Old Vine Zin, Part 1
Esther rests the weight of her head on my arm, not sleeping. Light and shadow trace strange animals across her bedsheet curtains.
I say, “I want to take you somewhere.”
“Somewhere?” she asks.
“Dinner. Maybe a movie.”
“You mean a date.”
“We can call it whatever you want.”
A full minute passes.
“Why now?” she asks.
“We don’t have to,” I say, kissing the top of her head.
She sits up and pulls her robe from the floor.
“I’ll just be a second,” she says, disappearing into the bathroom.
Someone’s air conditioner drips water onto a garbage can below. Esther’s apartment, as always, is stifling.
She returns and hovers by the door. “There’s a lot you don’t know about me.”
I prop myself up. “I thought that was by design.”
“You’d break this off, if you did.”
I stand but she waves me back. I wait for her to continue, she doesn’t. “All I’m talking about is dinner,” I say. “We can sit at separate tables if you want. No talking. Just wave every so often so the other one knows we’re there.”
A soft laugh escapes her lips, cloaked in tears. She lets me wrap her in my arms. Sighs into my shoulder.
“Champion,” says Conor, popping into my office as I’m packing up to leave. “High time we grabbed a drink.”
“Love to,” I say, “but I’ve got plans.”
“Walk with yeh,” he says. “Got a bit of business, needs touching.”
Our walk to the restaurant could be characterized as him yammering and me bearing it. I’m more than a little anxious as to whether Esther will come, whether being around other people will change the way we are together.
Conor nods approvingly at my choice of venue and immediately swipes us two stools by the bar. He starts to order for me and I stop him, instead asking the bartender for a glass of Old Vine Zin.
“Grand,” says Conor. “Make it a bottle.”
I check the time and glance at the entrance.
“So is’t the missus, you’re meeting?” Seeing my puzzled look, he adds, “Winchester mentioned something.”
“Do you two just discuss me, or…?”
“Fair question perhaps, but no. ‘Fraid I’ll be needing his services meself.”
I drop my cocktail napkin. “You mean —?”
“Aye,” he says. “Should’ve known better than marry a devout.”
The bartender returns, uncorks the bottle, offers Conor the first taste. My boss points him my direction, joking about the limits of the Irish palate. I focus just enough to make sure it’s not rancid.
“Yer health,” says Conor, toasting.
“What happened?” I ask.
He drinks, staring off. “Time, I suppose.”
I swallow the urge to mention his parade of women. “What about your son?”
If his eyes could get any bluer, they do. “Live with his ma. And quite well, mind yeh, what she’s asking.”
I signal the bartender. “Could my friend get a shot of whiskey?”
“Bless yer heart, Champion, but don’t make me do it alone.”
The bartender pours one for each of us. We cheers, tap our glasses on the bar, make eye contact, and swallow.
Conor pats me on the chest, takes inventory of the other patrons.
“Another?” I ask.
“Read me mind.”
One becomes three in short order. After each round he thanks me as though I distilled his medicine myself.
“Man is an animal,” he says. “Fierce creature, blood pumpin’, hunger at the heart. Women don’t understand, see? It takes man to understand another man.” He squeezes my hand, draws me into a tight hug. “Love,” he says in my ear, his breath fresh as day. “Without fire there can be no heat and without heat there is no life.”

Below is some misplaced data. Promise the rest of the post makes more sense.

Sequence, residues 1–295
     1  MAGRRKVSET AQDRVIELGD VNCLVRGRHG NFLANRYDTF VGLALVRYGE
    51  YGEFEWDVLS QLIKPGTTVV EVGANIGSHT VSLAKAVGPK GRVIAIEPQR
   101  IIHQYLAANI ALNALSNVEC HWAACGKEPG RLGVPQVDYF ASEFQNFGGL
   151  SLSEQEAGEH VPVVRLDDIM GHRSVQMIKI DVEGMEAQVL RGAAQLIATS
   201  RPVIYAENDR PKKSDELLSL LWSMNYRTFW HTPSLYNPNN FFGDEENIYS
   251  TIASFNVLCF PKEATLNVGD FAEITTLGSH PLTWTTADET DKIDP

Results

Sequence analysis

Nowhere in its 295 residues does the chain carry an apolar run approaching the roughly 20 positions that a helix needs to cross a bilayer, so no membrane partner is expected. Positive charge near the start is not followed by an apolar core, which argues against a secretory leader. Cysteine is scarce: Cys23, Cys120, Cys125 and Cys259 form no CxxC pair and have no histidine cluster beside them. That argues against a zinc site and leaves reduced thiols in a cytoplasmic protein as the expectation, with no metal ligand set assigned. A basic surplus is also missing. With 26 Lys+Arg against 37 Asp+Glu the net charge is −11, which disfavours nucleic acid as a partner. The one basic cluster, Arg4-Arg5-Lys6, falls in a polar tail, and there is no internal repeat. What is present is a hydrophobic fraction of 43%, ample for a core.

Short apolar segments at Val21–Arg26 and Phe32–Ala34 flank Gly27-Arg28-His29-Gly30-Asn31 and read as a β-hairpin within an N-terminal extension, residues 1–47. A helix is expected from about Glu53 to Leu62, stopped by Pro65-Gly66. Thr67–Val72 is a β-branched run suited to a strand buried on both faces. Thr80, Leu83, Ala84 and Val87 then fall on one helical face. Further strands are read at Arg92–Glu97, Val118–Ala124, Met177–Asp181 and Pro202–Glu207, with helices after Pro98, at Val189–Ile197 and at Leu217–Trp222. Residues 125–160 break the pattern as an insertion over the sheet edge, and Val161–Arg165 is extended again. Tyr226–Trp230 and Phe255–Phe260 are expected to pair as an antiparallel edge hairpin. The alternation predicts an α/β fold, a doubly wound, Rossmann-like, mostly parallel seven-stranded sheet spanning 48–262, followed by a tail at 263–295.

We separate and linger at a close distance. He pats the side of my face with his palm and we each return to our wine.
“I’m going to use the restroom,” I say, stomach in knots.
The men’s room is three stalls deep, all of them vacant. I take refuge at the sink, stare into the mirror, splash water onto my face. Avoid asking certain questions. In time, my heart stops beating against my throat.
No sign of Esther, when I exit.
Conor’s ordered us another round of shots, we’ve barely touched the wine. “I don’t know that I should,” I say. “My date will be here any minute.”
He studies me. “Thought yer face had colour to it.” He downs his shot without ceremony. “Did have a bit of business to cover, ‘fore I let yeh go.”
I take my stool.
“Nothing mad like, but you’re on official warning for yer behavior.”
“Can’t think I haven’t noticed yeh cutting out, missing meetings.”
“My work’s getting done,” I say.
“Recent episode, lashing out.”
No stopping it — I laugh. “Did that twerp complain to his father about me?”
“Conversation’s you and me, no one else.”
I swirl my wine, it tries to escape the glass. “First, I’m forced to hire the kid. Now, we’re here talking.”
“Skipping over, ossified, when it happened.”
The situation, at last, presents itself. I proceed with caution. “I had one beer with lunch,” I say. “You serve me more than that pretty much every time we have a meeting.”
Conor’s face falls. “Warning means shite. No paperwork. Verbal equivalent of a lackluster fuck.”
I take my shot, capsize the glass.
“Champion,” he says. “My guy, understand? Protect yeh some but yeh’ve got to avoid the unnecessary. Do the job. Collect the money.”
“And what if I don’t care about the money?”
He takes my hand again. Is this just a thing men do in Ireland? “Agree with yeh,” he says, eyes locked on mine. “Kid’s a piteous fecker for running off his da. But we’re building something, you and I. Understand that, don’t yeh?”
We’re close enough for me to smell his cologne. Woodsmoke and earth.
He runs a thumb over my knuckles. In a soft lilt, he says, “Not anyone told about me wife. Bleeding American ways, rubbing off. Irish don’t show emotion.”
Past him, I see Esther enter the restaurant. She’s wearing a long flowy dress embroidered with wine-colored feathers. I extricate my hand and wave her over. Conor downs his wine.
[To be continued]